“For once, Yale has it right,” the Harvard Crimson asserted yesterday in characteristically smarmy fashion. It was referring to quotes from Yale President Richard Levin, who offered sympathy for departing Harvard President Larry Summers and the Cantab community. But we believe the Summers debacle, and the very nature of Levin’s comments, serve as proof that Yale had the right idea all along.

To be fair, the Crimson and other sources laid out a good case for Summers’ progressive ideals. Summers spearheaded financial aid reform, put forward an urban redevelopment plan and, with grants for new student spaces and a pub, took up the daunting task of making Harvard fun. But Summers’ most worthy project seems to have been his undoing: He fought to improve undergraduate education.

The faculty that forced Summers to resign reacted most strongly to his proposed move toward a system of academic distribution requirements and his push to expand freshman seminar programs. Though his explicit prioritization of certain departments over others rankled some, it seems obvious to us that Summers’ demands for faculty to become more involved in undergraduate teaching were responsible in no small part for his the furor that prompted his resignation. We believe that to be a shame.

Though we take issue with Summers’ infamous personal opinions, we admire his conviction on these academic fronts. When Harvard completed a curricular review in 2004, Summers wrote the final report. He has been more of a hands-on president than Levin and consistently focused on undergraduates, teaching freshman seminars and hosting the occasional study break. We just wish he had taken a cue from fellow economist Levin on the merits of politicking.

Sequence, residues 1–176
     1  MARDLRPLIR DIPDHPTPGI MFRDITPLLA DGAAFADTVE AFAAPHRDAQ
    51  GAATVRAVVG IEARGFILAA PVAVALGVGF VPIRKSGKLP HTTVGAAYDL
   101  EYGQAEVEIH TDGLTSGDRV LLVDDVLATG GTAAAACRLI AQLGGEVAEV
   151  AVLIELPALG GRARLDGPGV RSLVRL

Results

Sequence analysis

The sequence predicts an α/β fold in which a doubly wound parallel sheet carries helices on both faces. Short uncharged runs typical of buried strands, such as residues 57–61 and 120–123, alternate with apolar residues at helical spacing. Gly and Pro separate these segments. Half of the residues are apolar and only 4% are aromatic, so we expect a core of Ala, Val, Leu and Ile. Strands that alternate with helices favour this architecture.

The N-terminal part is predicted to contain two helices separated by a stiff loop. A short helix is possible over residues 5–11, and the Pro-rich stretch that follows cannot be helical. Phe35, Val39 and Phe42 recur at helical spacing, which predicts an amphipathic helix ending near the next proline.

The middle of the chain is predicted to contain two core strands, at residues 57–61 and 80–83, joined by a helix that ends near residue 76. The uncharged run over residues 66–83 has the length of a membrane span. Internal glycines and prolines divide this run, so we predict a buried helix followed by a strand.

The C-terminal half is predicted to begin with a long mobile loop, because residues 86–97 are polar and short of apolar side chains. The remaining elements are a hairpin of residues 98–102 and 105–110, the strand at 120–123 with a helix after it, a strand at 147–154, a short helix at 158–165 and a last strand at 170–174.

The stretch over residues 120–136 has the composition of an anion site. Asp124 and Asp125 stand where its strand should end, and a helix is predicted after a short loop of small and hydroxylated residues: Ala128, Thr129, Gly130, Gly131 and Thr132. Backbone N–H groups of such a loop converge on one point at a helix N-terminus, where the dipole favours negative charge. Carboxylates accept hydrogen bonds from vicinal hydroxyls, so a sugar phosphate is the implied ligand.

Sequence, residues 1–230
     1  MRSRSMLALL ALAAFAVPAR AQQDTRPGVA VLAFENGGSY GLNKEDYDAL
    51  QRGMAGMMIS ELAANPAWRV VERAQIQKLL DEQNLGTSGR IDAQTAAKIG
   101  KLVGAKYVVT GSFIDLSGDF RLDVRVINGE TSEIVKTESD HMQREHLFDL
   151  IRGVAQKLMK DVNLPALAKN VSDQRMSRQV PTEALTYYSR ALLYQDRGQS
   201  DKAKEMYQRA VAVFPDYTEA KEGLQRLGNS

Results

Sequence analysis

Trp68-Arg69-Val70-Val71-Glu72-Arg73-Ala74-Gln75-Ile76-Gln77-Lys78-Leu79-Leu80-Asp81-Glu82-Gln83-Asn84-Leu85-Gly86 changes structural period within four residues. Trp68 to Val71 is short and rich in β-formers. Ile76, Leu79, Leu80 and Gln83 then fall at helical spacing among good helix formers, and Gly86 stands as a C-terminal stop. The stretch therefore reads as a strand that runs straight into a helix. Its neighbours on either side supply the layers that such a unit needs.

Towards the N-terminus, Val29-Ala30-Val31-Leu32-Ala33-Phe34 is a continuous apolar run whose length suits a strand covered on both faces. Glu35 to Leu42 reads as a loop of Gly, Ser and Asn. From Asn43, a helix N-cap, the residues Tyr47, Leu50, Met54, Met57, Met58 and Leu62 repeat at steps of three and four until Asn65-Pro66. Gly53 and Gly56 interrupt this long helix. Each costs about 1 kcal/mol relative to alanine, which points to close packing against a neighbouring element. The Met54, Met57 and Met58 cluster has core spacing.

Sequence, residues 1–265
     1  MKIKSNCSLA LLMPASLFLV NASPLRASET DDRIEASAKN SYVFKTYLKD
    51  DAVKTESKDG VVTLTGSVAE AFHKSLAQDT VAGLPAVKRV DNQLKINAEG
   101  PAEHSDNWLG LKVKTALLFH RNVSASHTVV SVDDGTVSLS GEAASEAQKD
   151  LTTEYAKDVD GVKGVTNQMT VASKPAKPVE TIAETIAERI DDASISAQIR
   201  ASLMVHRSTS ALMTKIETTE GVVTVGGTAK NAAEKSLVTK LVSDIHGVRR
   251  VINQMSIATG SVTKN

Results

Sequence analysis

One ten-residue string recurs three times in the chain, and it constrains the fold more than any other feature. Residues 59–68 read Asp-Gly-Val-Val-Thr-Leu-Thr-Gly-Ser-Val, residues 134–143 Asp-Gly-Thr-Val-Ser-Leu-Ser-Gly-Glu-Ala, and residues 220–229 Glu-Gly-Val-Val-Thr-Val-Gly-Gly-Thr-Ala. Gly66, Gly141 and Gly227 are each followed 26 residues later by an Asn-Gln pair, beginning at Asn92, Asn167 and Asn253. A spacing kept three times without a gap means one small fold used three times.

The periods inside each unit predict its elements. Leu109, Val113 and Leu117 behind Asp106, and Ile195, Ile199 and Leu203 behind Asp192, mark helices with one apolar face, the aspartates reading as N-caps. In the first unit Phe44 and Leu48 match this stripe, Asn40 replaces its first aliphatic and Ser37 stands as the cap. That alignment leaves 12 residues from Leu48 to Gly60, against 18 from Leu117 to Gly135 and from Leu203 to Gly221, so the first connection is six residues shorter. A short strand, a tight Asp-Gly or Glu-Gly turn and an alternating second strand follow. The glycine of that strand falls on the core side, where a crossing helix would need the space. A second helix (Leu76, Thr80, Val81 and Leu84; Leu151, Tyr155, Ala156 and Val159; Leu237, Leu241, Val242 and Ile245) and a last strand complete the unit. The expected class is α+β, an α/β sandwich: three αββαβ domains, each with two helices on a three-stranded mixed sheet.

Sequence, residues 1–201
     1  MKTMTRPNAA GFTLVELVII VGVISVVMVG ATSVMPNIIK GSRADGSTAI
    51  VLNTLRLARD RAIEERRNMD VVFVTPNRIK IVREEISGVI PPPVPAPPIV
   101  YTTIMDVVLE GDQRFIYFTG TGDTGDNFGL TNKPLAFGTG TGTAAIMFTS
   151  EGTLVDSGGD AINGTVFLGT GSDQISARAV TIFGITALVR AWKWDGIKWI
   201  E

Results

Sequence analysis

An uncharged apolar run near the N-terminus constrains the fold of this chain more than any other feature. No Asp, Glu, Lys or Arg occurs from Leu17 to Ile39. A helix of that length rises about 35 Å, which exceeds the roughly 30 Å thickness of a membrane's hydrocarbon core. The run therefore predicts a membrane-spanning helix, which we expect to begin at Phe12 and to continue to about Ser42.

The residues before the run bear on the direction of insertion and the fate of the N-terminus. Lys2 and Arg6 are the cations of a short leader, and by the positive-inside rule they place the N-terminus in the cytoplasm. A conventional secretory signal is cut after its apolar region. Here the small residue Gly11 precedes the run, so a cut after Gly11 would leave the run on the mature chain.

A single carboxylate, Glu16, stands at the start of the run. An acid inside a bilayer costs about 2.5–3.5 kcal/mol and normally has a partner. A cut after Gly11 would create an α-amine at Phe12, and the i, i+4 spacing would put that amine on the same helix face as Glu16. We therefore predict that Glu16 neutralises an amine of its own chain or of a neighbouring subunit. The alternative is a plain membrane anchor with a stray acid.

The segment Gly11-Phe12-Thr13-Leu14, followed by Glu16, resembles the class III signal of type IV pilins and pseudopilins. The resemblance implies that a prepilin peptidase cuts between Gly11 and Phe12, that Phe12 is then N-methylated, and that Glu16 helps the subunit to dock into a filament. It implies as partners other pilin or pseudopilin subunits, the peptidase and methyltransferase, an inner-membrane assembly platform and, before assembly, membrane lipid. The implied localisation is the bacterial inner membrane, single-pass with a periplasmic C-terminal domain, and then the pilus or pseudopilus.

Where Summers was a one-man reform campaign, Levin remained a man of the faculty, if not necessarily a man of the people. Levin’s ability to build faculty consensus — through negotiating skills and canny use of sainted figures such as former Dean Richard Brodhead — informs his high standing among the faculty, to whom he has at least outwardly relinquished many academic policy decisions. But he has been far from idle, using political capital to steer financial aid and globalization initiatives similar to those Summers advocated at Harvard. Complaints about Levin center on his being too hands-off — with ongoing labor relations concerns, for example. He has remained neutral on most controversial issues, including those related to Summers.

Levin has done much to guide Yale into the 21st century. Of course, he may have had an easier time of it than Summers, who until this week was fighting to bring Harvard academics into the 20th. While Harvard financial aid policies are marginally more generous, Yale adopted the modern version of its distribution requirements 30 years ago, and the Dean’s Office is working to expand our own freshman seminar program.

With an eye to reform, we wish the best of luck to whomever fills Larry Summers’ shoes. Harvard is already losing ground to Yale in undergraduate admissions, and this scandal — which turns on the faculty’s vehement refusal to reassess its undergraduate teaching — isn’t going to help. But we encourage the next Harvard president to seek a greater balance of vision with the practical realities of the post; otherwise, Summers’ laudable vision will never become reality.